Scott Jaschik

Scott Jaschik, Editor, is one of the three founders of Inside Higher Ed. With Doug Lederman, he leads the editorial operations of Inside Higher Ed, overseeing news content, opinion pieces, career advice, blogs and other features. Scott is a leading voice on higher education issues, quoted regularly in publications nationwide, and publishing articles on colleges in publications such as The New York Times, The Boston Globe, The Washington Post, Salon, and elsewhere. He has been a judge or screener for the National Magazine Awards, the Online Journalism Awards, the Folio Editorial Excellence Awards, and the Education Writers Association Awards. Scott served as a mentor in the community college fellowship program of the Hechinger Institute on Education and the Media, of Teachers College, Columbia University. He is a member of the board of the Education Writers Association. From 1999-2003, Scott was editor of The Chronicle of Higher Education. Scott grew up in Rochester, N.Y., and graduated from Cornell University in 1985. He lives in Washington.

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Most Recent Articles

December 26, 2012
U. of Rhode Island president, criticized for his first statement about a professor's controversial tweet about an NRA leader, issues another statement.
December 26, 2012
Israeli authorities on Monday granted full university status to the Ariel University Center, a higher education center on the West Bank whose future has become a hotly debated issue in Israeli academic and political circles, The Jerusalem Post reported. Advocates for Israeli settlements on the West Bank have pushed for the center to be given the same status as other Israeli universities. But many Israeli academics -- professors and administrators alike -- have opposed the idea.
December 26, 2012
President Obama on Friday named 12 scientists as winners of the National Medal of Science. The honor was created in 1959 and annually salutes excellence in chemistry, engineering, computing, mathematics, or the biological, behavioral/social and physical sciences. This year's winners and their institutions:
December 21, 2012
James E. Hunton, a prominent accounting professor at Bentley University, has resigned amid an investigation of the retraction of an article of which he was the co-author, The Boston Globe reported.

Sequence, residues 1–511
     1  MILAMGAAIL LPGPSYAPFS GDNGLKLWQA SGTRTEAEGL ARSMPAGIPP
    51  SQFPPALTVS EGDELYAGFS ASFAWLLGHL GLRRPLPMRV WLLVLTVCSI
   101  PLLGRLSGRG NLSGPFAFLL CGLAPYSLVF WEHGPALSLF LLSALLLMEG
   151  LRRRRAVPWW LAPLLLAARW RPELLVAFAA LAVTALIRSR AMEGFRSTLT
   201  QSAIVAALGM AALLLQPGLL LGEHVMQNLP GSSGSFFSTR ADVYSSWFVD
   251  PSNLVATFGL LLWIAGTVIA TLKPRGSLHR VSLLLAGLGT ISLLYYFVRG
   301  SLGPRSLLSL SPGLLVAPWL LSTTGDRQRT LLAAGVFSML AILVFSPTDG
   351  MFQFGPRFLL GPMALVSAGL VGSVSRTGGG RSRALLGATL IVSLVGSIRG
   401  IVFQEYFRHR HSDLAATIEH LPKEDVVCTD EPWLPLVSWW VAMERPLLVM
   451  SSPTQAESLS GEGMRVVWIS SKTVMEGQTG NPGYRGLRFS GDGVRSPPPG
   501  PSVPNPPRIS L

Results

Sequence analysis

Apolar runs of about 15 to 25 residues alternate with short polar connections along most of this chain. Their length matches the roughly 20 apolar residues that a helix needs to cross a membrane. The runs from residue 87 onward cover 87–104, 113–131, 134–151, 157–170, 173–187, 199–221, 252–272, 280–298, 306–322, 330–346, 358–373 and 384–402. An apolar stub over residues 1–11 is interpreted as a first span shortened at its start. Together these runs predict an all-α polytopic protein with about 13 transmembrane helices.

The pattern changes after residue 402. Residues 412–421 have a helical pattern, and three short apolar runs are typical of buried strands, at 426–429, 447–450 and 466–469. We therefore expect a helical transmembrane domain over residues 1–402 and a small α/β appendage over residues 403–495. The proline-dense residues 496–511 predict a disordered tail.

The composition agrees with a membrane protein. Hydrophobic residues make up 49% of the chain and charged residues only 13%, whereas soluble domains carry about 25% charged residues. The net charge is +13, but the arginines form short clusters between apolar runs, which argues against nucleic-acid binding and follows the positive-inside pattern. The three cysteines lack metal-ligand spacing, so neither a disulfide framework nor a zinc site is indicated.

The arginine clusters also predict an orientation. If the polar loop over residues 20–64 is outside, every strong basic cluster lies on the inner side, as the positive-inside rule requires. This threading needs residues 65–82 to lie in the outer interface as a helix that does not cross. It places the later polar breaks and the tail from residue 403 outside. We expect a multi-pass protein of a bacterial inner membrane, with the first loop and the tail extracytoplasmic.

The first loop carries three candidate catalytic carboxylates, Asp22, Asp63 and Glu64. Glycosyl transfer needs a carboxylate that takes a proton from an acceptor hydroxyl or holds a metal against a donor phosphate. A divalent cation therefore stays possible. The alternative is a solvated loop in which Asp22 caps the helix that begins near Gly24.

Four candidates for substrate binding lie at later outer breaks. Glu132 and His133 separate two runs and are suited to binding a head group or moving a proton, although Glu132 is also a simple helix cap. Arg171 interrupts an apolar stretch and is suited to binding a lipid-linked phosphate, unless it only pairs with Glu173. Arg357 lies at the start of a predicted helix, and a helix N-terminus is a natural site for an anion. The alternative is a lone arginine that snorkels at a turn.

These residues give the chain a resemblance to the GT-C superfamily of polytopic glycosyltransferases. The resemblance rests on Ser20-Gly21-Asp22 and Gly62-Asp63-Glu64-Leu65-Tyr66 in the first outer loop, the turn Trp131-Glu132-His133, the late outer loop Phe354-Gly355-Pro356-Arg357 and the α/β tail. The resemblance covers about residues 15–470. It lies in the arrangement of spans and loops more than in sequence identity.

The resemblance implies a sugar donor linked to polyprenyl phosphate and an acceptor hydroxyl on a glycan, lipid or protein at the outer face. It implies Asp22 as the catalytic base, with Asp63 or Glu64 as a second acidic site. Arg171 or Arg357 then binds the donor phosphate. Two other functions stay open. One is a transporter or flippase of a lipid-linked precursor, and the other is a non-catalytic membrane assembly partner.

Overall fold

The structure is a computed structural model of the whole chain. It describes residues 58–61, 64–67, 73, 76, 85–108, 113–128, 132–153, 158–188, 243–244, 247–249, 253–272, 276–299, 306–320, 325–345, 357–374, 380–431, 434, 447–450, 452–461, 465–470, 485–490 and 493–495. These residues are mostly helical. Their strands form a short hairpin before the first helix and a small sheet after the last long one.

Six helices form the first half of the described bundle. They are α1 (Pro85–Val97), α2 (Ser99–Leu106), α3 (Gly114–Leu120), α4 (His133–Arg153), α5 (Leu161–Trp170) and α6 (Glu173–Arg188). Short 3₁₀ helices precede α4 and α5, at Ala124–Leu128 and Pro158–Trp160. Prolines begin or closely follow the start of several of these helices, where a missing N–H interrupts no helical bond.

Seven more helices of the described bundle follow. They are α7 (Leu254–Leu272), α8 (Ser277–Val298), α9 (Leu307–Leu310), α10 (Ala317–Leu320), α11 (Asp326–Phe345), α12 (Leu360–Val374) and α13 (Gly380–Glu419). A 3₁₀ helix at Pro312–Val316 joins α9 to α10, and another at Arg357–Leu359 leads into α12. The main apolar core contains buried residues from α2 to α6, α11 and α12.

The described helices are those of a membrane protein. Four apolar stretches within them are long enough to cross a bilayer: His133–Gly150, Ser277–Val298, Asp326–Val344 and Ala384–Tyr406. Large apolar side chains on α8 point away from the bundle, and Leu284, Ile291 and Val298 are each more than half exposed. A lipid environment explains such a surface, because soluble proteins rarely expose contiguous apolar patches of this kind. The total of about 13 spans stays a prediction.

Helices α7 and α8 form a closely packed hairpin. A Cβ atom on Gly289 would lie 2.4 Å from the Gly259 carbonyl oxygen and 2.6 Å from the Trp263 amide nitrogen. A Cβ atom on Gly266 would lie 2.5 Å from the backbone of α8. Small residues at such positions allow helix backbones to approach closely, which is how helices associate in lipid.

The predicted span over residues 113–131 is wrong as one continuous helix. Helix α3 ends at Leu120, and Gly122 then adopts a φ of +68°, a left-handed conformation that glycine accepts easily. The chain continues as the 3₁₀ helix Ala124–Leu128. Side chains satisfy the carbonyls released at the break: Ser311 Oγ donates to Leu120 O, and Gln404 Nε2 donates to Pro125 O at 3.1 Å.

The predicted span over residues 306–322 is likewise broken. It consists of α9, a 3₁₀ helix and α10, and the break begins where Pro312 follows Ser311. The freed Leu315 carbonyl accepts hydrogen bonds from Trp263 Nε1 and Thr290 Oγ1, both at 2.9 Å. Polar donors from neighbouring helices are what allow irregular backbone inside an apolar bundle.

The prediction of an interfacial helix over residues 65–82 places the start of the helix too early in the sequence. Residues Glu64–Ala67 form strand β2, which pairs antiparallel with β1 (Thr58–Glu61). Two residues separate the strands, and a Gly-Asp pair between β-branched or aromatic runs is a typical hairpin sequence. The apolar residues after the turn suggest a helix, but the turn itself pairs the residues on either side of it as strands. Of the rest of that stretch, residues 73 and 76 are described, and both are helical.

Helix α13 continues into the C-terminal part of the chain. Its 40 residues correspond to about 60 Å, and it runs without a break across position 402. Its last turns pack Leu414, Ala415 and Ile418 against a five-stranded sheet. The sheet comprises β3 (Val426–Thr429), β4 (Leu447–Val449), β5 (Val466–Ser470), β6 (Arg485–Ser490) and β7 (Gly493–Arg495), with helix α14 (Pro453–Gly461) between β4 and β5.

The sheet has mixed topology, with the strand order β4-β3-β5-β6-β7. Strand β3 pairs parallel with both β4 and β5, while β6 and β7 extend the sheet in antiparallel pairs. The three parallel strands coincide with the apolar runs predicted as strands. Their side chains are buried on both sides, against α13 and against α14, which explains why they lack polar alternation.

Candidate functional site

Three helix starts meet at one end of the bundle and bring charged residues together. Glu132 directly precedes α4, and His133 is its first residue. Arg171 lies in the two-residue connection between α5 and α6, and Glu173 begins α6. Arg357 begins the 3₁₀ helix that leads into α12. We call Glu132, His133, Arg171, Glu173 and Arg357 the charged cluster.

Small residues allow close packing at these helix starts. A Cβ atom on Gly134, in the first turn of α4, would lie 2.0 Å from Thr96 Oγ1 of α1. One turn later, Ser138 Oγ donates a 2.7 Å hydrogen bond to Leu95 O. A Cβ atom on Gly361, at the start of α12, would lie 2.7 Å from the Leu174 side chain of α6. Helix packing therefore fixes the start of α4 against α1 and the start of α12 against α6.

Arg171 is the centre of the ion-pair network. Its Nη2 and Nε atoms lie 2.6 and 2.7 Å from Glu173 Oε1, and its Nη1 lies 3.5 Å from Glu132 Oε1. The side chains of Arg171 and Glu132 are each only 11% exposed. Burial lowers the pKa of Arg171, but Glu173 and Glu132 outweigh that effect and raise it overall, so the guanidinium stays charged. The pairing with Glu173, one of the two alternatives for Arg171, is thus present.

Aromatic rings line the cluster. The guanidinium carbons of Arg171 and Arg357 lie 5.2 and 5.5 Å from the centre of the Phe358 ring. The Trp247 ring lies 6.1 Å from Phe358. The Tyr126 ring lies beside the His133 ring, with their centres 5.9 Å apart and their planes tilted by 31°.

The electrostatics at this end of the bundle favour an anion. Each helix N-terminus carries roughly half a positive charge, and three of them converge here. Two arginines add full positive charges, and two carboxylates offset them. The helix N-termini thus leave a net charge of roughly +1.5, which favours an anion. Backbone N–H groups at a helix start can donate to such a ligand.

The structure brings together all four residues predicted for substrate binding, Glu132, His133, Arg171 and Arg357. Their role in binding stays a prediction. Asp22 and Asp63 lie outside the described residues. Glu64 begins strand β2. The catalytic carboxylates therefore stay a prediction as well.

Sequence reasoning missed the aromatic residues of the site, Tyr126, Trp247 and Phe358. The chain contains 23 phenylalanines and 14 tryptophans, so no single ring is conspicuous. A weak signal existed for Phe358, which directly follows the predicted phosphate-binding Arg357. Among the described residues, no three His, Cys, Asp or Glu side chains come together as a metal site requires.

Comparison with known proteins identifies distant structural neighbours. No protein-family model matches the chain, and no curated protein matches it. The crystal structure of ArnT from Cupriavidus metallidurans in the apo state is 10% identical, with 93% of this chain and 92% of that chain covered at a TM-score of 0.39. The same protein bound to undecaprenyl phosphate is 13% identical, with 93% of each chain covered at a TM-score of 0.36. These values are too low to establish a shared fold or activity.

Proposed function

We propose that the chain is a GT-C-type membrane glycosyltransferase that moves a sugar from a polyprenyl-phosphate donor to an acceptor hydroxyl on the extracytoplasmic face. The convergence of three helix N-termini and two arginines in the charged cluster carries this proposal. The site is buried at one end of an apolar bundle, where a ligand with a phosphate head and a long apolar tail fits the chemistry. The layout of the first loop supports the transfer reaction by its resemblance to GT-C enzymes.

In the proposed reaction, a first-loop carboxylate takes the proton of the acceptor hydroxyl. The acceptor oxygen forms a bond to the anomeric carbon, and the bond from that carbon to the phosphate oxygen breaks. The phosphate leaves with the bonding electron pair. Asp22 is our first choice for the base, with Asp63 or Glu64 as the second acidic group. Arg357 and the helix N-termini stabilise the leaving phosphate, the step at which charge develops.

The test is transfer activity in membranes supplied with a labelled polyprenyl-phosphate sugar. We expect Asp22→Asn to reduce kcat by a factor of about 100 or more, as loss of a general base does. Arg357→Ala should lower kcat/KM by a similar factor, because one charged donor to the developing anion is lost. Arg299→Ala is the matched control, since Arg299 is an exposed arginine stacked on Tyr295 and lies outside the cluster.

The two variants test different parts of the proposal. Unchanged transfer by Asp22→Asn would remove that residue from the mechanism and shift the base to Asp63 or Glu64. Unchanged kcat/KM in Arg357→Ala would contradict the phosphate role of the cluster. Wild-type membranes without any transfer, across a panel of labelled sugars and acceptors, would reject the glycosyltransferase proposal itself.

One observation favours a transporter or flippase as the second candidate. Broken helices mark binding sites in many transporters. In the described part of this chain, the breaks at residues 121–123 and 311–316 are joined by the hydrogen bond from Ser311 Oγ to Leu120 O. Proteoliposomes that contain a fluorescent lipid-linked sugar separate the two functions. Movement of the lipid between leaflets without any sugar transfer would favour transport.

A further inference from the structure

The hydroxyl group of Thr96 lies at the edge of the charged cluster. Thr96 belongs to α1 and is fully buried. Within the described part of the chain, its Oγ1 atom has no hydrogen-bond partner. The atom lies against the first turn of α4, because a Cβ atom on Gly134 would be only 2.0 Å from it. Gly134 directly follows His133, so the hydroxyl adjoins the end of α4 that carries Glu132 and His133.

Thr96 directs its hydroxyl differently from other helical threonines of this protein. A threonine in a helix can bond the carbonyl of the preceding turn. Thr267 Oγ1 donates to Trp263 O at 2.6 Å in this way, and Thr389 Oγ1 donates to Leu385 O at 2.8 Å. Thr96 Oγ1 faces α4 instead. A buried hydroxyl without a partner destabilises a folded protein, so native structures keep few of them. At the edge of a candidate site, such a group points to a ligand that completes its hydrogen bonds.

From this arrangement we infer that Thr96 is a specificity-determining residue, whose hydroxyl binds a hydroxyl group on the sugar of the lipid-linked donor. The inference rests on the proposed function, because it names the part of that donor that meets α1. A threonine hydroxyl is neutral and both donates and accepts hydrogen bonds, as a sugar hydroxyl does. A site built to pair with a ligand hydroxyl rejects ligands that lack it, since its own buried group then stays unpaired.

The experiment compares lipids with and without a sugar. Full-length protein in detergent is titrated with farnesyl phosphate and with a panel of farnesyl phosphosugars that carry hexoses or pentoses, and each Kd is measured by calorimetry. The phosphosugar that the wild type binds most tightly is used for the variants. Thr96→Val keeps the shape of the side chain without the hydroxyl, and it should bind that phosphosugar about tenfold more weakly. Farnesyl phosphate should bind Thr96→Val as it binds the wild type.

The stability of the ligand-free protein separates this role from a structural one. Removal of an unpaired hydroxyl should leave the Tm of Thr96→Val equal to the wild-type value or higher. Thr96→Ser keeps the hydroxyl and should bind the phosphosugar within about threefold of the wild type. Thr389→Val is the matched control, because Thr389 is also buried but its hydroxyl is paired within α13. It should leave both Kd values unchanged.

December 21, 2012
Carnegie Mellon police officers reported to Pittsburgh authorities that a threat had been made against Jared Cohon, the university's president, leading to 24-hour police presence at his home, The Tribune-Review reported. A spokeswoman for the U.S. Postal Inspector, which investigates crimes committed through the mail, said that the agency is assisting in the investigation.  
December 21, 2012
In today’s Academic Minute, Connie Shemo of the State University of New York at Plattsburgh explains the connection between the women’s foreign mission movement of the early twentieth century and two pioneering female doctors. Learn more about the Academic Minute here.  
December 21, 2012
Bobby Ukrop, a longtime supporter and trustee of the University of Richmond has quit the board amid debate over the institution's plan to replace soccer and track teams with lacrosse, The Richmond Times-Dispatch reported. He resigned after the board refused to reconsider the decision.  
December 21, 2012
Official statistics from the National Collegiate Athletic Association suggest that steroid use is rare in college athletics. But an Associated Press investigation has found that many football players routinely gain 30 pounds or more of muscle a year, without any skepticism from their teams about possible steroid use.
December 20, 2012
Reports of sexual assaults at the three U.S. military academies are up 23 percent this year, the Associated Press reported. Nearly half of the 80 reported cases involved victims who sought medical assistance but who did not seek investigations of the incidents.
December 20, 2012
The board of the District of Columbia voted Wednesday to fire Allen L. Sessoms as president, The Washington Post reported. A statement read by the board chair said that the trustees decided to go "in a different direction," but did not provide details. During the four years Sessoms was president, he helped create the university's community college -- a step many have said was long overdue for Washington.

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